Though we are told that it is time to leave aside the question of which side was right in the progression of the conflict and to forget history, we cannot. Israel is in the right, and we must be neither ashamed nor slow in pointing this out whenever we can.

The lies about Ariel Sharon being the cause of the riots — and not the planning of Arafat — must be refuted.

The disparity of casualties between Israelis and Palestinians must be explained. Israeli soldiers are simply refusing to be stoned, fire-bombed and used for rifle target process by the Palestinians without defending themselves. Do we expect them to allow themselves to be murdered as mobs of Palestinians storm Israeli outposts (which are almost all located far away from places where Palestinians actually live) just to equalize the figures?

Are American Jews capable of mobilizing our political and economic resources to help Israel at this time? The answer is uncertain.

In recent years, many observers have detected a decline in American Jewish interest in Israel as the old secular paradigm of basing Jewish identity on remembrance of the Holocaust and support for Israel was rightly seen as failing. At the same time, those Jews who do care about Israel were increasingly divided by their differences on the peace process as the bitterness of Israeli partisan politics took root among American Jews.

The result was a growing feeling both here and in Israel that the wall-to-wall support across the Jewish spectrum was no longer possible. Too many American Jews were either apathetic to Israel or actively hostile to its policies for the old unity to be rekindled.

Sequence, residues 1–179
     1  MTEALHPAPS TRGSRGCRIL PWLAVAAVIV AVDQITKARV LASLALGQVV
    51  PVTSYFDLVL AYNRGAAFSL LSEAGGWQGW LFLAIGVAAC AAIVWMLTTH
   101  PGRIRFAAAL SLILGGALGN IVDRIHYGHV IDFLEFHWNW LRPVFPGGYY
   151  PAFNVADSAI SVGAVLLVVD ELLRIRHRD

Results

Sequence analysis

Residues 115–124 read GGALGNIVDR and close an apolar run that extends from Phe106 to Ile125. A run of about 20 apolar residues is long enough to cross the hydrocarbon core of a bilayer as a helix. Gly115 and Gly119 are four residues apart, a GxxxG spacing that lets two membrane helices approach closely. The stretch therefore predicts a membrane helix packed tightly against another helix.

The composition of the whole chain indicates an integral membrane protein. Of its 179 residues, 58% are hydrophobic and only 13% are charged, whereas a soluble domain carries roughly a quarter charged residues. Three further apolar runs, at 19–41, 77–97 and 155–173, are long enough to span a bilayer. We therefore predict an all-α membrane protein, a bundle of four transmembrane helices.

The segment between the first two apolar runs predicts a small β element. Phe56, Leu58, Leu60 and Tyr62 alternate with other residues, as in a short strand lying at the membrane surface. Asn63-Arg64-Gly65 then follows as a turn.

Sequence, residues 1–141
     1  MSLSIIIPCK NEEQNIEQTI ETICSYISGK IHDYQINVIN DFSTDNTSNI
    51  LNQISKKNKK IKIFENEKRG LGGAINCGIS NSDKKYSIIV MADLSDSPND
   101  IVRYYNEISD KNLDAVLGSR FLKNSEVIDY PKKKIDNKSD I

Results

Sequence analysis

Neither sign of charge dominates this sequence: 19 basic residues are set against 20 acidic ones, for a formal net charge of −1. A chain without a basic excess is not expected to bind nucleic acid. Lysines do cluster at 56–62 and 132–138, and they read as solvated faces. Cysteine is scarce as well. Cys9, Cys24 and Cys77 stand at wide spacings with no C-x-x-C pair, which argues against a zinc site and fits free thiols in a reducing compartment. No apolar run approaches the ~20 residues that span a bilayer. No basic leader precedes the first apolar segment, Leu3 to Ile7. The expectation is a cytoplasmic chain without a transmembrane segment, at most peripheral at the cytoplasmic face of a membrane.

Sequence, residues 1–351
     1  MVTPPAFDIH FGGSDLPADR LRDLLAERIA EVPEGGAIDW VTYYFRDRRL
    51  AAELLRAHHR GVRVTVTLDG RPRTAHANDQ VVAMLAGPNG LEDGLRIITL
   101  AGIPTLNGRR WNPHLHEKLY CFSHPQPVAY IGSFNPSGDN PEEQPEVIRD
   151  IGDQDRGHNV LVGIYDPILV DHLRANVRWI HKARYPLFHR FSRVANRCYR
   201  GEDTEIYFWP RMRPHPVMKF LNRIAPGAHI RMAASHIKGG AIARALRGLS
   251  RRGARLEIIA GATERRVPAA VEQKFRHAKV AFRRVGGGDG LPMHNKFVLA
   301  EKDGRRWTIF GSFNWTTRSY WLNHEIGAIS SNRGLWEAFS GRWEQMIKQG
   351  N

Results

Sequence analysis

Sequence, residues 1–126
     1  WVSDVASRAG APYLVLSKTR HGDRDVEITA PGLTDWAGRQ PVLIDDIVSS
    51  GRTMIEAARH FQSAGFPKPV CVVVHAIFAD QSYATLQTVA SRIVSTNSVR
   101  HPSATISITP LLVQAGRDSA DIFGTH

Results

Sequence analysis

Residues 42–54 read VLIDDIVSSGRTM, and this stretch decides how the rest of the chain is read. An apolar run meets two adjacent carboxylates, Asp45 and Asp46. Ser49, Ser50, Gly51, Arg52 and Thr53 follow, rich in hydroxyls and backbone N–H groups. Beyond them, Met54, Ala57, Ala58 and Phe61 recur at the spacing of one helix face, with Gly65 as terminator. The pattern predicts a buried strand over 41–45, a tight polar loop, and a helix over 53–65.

But given the stakes involved in the current crisis, it is imperative that those of us who know the truth speak up and make ourselves heard. The partisan, organizational and denominational bickering that divides American Jewry must be forgotten.

It doesn’t matter whether you approve of Barak or Likud Party leader Ariel Sharon, or whether you think the current Israeli government has given too much to the Palestinians or not enough.

After the last month, there are no more Jewish left- or right-wing views of Israel, only those who stand with Israel and those who stand aside while it is attacked. Our leaders, our organizations and each of us as individuals must recognize that in a time of crisis, the political and religious issues that divide us are not as important as those that unite us.

It’s time for American Jewry to close ranks behind the people of Israel. We must tell America’s political leaders, candidates and their parties that we still consider their unqualified support for the security of Israel and the unity of Jerusalem to be our top priority.

We must tell America’s media outlets that we will not let them get away with biased, distorted or false reports of news from the Middle East.

Most of all, we must tell the people of Israel that we will not be silent while Jewish blood is shed and holy places are desecrated.

JWR contributor Jonathan S. Tobin is executive editor of the Philadelphia Jewish Exponent. He was the recipient of the American Jewish Press Association's highest awards in two categories: First Place in the Louis Rapoport Award for Excellence in Commentary and Editorial Writing for his column "Israel's China Syndrome -- and Ours" and First Place for Excellence in Arts and Criticism for his column "Jewish Art, Jewish Artists." The awards were given to Mr. Tobin at the AJPA's 2000 Simon Rockower Awards dinner at Washington D.C. on June 22, 2000. Let him know what you think by clicking here.